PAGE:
Hypertext Essay – Trustworthiness of Sources: Role Morality & The Nature of Information

The lack of canonical sources presented by the networked media landscape creates inherent problems for applying the traditional epistemic criteria we generally expect the disseminators of information to be committed to; trustworthiness, independence, reliability, accuracy and objectivity.

To explore this we have to step back and establish a normative framework for identifying and evaluating the ethical issues that surround the media. To do this we will look at Role morality and Universal Public Morality as defined by Spence, Alexandra, Quinn and Dunn (2011). This will help establish why media institutions, particularly the practice of journalism, have been granted authority by media consumers to be seen as valid communicators of information; in short why we have collectively consented to the existence of canonical sources before the internet, and why they will the central stage of the public sphere (Carson, 2013).

  •     Role Morality: The Primary role of a professional practice is determined by it’s ultimate professional objective, this in turn determines ethical rules and principles that particular practice is committed to.For example, a police officer, by virtue of their professional objective, must be committed to the principle of justice and the rule of law.Journalists, as professional disseminators of information, are committed to various ethical principles, which should include truthfulness, reliability, objectivity, independence and trustworthiness. This role morality is part of the reason journalists, and the media, have been generally trusted sources in traditional mass communication platforms.
  •     Universal Public Morality: The role morality of a practice is constrained by the requirements of universal public morality.Essentially these are the principles, rules and values everyone is committed to by virtue of being ‘rational human beings and members of the social collective that constitutes civil society.’ This morality is universal it applies to everyone simply due to our common humanity.These ethical theories are where the buck stops, to give context, an assassin may define his ultimate objective as killing for a fee, therefore his role morality would be defined by this, committing him to murder as moral in his role, however we wouldn’t accept this as objectively justified reason to kill as it’s prohibited by universal public morality.

The roles of media determines the role moralities of the media, which are constrained by universal public morality.

– Media, Markets, and Morals. Edward H Spence, Andrew Alexandra, Aaron Quinn, and Anne Dunn (2011), Wiley-Blackwell, West Sussex.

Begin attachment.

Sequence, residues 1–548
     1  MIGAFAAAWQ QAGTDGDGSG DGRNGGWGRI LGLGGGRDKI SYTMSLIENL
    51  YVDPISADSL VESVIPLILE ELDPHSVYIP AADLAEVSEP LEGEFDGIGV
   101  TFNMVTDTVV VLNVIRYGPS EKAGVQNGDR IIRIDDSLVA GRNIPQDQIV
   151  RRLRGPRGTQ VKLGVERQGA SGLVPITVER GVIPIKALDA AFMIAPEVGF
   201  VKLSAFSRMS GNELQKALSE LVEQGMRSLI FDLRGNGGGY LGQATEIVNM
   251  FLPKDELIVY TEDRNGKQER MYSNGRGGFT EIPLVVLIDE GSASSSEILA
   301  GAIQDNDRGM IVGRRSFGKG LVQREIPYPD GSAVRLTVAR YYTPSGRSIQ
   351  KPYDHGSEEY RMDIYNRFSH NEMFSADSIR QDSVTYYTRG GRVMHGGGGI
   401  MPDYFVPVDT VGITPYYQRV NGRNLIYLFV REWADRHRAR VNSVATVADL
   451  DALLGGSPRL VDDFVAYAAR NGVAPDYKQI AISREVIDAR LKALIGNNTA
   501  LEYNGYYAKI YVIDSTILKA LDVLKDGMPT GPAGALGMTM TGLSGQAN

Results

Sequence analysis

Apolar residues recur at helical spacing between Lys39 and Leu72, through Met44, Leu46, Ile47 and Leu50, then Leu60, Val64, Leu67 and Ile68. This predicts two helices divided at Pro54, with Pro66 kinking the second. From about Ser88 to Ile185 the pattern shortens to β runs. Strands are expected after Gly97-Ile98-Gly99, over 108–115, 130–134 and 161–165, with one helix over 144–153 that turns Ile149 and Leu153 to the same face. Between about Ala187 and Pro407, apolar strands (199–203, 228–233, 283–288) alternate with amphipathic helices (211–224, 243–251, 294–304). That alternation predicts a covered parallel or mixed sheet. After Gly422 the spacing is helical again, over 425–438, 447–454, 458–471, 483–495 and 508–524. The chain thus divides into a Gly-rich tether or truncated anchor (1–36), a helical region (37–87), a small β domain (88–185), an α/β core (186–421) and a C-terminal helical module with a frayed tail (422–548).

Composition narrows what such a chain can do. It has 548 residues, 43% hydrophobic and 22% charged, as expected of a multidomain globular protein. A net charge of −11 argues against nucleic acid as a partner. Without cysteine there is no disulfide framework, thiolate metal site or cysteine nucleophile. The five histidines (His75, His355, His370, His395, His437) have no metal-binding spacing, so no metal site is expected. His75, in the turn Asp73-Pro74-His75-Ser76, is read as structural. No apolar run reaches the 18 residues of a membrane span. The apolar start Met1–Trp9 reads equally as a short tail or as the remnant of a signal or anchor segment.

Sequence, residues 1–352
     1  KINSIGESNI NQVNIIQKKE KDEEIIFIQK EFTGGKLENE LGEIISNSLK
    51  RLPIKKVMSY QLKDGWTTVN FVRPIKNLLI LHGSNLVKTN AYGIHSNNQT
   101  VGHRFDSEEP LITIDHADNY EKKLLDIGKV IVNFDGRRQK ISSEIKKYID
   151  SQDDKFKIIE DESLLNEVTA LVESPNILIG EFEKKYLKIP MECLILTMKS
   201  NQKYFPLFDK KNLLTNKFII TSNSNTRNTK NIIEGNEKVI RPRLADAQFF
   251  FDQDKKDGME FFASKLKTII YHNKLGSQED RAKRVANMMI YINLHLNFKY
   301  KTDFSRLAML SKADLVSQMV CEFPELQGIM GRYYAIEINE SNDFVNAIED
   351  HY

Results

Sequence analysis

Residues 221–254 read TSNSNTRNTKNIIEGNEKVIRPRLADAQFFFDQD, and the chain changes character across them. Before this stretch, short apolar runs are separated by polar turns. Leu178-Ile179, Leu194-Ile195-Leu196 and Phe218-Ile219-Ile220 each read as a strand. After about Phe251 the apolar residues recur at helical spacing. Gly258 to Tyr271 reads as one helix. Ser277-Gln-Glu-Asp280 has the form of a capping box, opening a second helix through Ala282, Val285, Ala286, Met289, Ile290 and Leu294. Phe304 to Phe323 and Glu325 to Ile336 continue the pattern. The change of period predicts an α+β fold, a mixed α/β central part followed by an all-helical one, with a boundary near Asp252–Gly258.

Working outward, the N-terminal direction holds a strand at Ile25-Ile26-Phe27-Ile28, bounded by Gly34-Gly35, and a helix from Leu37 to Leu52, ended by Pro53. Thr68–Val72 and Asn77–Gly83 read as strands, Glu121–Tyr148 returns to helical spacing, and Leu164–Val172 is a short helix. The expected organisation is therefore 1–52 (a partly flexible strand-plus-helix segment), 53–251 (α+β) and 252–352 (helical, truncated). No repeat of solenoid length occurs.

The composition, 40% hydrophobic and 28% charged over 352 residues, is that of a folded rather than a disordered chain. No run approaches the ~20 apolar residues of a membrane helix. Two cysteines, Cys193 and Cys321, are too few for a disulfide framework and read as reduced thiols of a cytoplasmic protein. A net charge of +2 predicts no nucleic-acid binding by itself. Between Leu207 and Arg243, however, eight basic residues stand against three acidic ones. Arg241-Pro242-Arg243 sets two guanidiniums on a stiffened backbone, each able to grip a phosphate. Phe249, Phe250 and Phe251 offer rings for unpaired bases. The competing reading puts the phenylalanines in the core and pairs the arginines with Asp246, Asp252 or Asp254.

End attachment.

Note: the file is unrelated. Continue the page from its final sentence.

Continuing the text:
So if we follow Spence’s definition we determine that, broadly, the ultimate goal of media is the dissemination and communication of information to the public.

To understand this goal, and therefore the role morality of media, we need to take one more step and look at what we define information to be. Once we do this, we identify certain epistemological and ethical commitments that information by its very nature requires, and thus imposes on the media and journalists.

The provision of information is a fundamental exchange for humans to engage socially with one another, it is a public phenomenon. Information is created in transfers of knowledge, codified to help if pass from source to audience and be understood (Samuli Leppälä, 2012) (Spence, Alexandra, Quinn, and Dunn 2011)

In defining information as knowledge codified it becomes apparent that there is an interaction between coder and decoder, provider and receiver, and, that both provider and receiver are hoping to transfer the truth of that knowledge. Knowledge involves belief, but not just belief, knowledge is known, or is “true belief”. Therefore for something to be information, it must be true or at least truthful, otherwise it is misinformation.

Belief is hinged on trust, therefore identifying the veracity of sources is essential to the successful transfer of information, this becomes more difficult in the absence of professional role morality with information sourced from wiki platforms, user ratings and ranking systems, and citizen journalism in the network world. If information is a type of knowledge, it must comply with the epistemological conditions of knowledge, specifically, that of truth. Therefore if the media’s professional purpose is to disseminate information, it is by virtue of this role, dedicated to the principle of truth, but with many ‘lay’ people contributing to the creation and distribution of information how can we establish their dedication to truth?

Good journalistic practice is based on diversity of perspectives from those who supply information and informed opinions to public. In this regard the networked structure of new media offers huge potential and the move away from canonical sources offers huge potential for newsgathering, disseminating diverse information and for the act of dissemination itself.

But in an age of user-created content and citizen journalism, where we see networked efforts to investigate events by crowd sourcing information, if we now have instant access to vast unregulated networked sources of “information”, can we trust the veracity, credibility, and reliability of these sources of information we now access on the Internet? Who can we trust, and why? Who provides an authoritative, accountable and ethical quality control of Internet information?

Here’s a somewhat negative outlook on Role Morality that does not define it as confined by Universal Public Morality, but illustrates conflicting issues within traditional media, where the ultimate objective of the media outlet may become profit rather than dissemination of information:

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